Review: The Only Cafe – Linden McIntyre

4 of 5 stars
Published 2017

Pierre Cormier, a Lebanese native who immigrated to in Nova Scotia in 1982 disappeared, presumed dead  5 years ago when his boat exploded. He was finally declared dead and his son, Cyril, starts to unravel the secrets that his father kept about his past.  His father wanted his life celebrated with a roast at an out of the way pub called The Only Cafe. The only non-familiar name on the provided guest list is Ari, a regular at the pub. As Cyril begins to delve into the past of the man he never knew well, we also find out about Peter from flashbacks to Peter’s life, to traumatic events in Lebanon during wartime in the 70s and 80s and to the early millennium where “current” events in Peter’s life start to trigger long repressed memories of those events. Cyril is working for a national news network and his personal investigation may have ties to an ongoing one at work.

Who is Ari? Did Pierre and Ari know each other back in the day? Ari plays things very close to his chest as does Pierre but they have similar shared experiences. There are truths and a lot of lies and a very tangled web. Cyril might find out more than he expected or nothing at all, not really. The ending is as murky as the politics which is probably the point. It’s more important to accept what’s happened and move on, once you get to that understanding.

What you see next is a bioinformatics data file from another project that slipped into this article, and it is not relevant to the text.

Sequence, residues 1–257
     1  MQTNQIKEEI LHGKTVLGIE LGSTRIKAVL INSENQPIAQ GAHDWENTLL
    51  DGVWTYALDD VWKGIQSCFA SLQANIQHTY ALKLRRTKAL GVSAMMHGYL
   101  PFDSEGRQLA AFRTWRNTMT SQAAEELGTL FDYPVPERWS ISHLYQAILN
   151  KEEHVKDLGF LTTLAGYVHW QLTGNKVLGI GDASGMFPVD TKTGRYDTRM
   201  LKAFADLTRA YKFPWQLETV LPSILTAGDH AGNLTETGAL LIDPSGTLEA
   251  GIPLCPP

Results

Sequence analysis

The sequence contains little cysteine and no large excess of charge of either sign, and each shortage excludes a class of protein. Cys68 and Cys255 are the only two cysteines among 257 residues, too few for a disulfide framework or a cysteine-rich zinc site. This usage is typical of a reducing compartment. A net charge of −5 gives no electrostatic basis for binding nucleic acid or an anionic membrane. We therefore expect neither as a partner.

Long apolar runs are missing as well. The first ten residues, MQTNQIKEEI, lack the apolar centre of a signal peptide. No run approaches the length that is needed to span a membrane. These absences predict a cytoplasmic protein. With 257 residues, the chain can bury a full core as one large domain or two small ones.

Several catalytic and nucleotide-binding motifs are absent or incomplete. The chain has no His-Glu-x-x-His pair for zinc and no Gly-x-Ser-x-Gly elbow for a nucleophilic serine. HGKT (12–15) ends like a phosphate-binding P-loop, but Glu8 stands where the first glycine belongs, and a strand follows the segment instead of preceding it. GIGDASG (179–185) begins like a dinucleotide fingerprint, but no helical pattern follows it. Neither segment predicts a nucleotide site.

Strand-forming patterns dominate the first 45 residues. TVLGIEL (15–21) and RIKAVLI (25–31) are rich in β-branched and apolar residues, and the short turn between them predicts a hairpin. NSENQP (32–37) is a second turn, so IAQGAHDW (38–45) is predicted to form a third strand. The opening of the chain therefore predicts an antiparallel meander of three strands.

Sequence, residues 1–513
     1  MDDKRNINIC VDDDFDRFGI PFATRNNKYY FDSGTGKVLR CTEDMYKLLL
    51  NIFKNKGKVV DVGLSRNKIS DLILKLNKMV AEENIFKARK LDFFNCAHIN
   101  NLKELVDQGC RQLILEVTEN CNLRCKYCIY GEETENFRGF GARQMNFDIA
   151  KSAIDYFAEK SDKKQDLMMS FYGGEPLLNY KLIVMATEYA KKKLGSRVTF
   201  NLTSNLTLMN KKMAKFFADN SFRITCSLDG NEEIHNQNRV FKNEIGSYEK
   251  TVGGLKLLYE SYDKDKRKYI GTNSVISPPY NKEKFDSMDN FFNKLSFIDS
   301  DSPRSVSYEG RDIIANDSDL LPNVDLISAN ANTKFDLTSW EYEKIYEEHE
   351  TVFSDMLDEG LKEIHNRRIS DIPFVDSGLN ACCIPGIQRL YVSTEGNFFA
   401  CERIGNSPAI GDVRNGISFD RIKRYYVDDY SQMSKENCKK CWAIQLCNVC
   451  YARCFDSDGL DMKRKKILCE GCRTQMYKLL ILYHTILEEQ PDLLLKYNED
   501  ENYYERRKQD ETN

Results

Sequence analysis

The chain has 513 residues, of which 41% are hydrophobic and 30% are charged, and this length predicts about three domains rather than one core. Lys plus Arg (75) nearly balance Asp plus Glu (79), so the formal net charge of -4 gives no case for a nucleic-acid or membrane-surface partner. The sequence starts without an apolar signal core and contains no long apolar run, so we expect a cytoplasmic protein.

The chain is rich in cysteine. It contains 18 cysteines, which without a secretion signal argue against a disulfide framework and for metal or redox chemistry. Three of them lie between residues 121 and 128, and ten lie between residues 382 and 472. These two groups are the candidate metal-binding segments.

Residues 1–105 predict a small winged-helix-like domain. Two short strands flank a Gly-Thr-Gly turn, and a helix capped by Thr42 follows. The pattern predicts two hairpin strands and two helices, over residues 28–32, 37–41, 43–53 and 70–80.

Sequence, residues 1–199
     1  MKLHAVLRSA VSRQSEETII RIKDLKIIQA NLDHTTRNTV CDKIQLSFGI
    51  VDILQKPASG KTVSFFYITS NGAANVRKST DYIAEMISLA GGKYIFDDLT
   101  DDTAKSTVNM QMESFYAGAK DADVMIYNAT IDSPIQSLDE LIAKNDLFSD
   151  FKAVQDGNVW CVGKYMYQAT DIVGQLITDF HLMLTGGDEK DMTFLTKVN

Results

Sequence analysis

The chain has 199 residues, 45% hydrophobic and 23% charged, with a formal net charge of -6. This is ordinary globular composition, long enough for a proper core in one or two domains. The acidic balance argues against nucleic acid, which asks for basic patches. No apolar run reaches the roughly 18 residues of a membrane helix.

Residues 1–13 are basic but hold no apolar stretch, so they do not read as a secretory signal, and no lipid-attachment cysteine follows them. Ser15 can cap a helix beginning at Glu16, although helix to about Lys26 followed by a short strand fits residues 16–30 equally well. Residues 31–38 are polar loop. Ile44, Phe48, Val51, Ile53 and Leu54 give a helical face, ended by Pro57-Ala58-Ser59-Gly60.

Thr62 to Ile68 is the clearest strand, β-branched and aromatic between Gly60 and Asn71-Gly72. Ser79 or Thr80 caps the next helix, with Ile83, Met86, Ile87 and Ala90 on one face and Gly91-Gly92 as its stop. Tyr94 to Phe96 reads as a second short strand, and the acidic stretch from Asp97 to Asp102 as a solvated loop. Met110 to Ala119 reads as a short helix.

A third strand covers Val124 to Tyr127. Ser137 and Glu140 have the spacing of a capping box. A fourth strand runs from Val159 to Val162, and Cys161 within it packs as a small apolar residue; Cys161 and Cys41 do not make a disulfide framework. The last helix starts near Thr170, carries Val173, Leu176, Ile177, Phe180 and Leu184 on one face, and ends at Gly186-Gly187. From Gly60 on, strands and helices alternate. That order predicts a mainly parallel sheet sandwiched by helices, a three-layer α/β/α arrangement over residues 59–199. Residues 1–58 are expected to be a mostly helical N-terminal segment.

Linden McIntyre is an excellent writer who builds a world and weaves a plot with skill. His plots are dramatic and his characters jump off the pages. They are real and they are intriguing and the plot points build up and are revealed at just the right speed. You keep coming back for more. The most interesting parts of the book, for me, were those from Pierre’s point of view, telling his story and experiences in the civil war in Lebanon. Not very uplifting but some of the events are based on actual ones which lends a touch of reality, grounding the plot a bit more.

Thanks to Netgalley for the ARC


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